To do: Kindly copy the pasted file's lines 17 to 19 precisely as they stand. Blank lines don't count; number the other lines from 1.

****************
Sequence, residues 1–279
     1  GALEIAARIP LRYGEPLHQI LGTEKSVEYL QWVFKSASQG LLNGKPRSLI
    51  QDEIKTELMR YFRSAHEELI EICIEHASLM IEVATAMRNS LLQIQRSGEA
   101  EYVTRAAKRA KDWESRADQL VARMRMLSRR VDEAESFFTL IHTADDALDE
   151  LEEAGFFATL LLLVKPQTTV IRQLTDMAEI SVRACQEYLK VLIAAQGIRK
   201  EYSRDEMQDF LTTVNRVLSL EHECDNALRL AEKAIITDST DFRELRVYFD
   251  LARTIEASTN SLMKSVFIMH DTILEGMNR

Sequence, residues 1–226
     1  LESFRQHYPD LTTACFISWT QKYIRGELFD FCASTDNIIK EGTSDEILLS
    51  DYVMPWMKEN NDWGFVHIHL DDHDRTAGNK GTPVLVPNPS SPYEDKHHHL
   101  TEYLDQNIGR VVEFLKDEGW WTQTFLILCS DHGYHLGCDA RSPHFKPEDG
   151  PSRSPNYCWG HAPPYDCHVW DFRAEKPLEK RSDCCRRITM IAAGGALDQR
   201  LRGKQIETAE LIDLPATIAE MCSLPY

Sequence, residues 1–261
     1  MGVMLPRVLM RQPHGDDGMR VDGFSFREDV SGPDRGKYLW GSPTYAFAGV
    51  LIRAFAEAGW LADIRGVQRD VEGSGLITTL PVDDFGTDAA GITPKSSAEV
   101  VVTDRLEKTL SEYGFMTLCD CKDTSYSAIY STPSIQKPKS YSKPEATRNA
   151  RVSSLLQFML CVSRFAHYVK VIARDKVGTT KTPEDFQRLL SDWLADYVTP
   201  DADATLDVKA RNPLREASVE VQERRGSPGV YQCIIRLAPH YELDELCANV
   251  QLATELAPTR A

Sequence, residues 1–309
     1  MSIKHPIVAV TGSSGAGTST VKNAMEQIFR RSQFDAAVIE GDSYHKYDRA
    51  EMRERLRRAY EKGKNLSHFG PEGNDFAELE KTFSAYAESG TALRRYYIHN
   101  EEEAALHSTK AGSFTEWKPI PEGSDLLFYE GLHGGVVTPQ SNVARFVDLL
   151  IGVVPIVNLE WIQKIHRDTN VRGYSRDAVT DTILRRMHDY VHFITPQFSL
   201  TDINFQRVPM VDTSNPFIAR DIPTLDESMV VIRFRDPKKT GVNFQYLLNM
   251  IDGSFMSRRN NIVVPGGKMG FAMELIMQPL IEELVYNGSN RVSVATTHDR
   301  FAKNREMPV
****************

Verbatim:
   101  VVTDRLEKTL SEYGFMTLCD CKDTSYSAIY STPSIQKPKS YSKPEATRNA
   151  RVSSLLQFML CVSRFAHYVK VIARDKVGTT KTPEDFQRLL SDWLADYVTP
   201  DADATLDVKA RNPLREASVE VQERRGSPGV YQCIIRLAPH YELDELCANV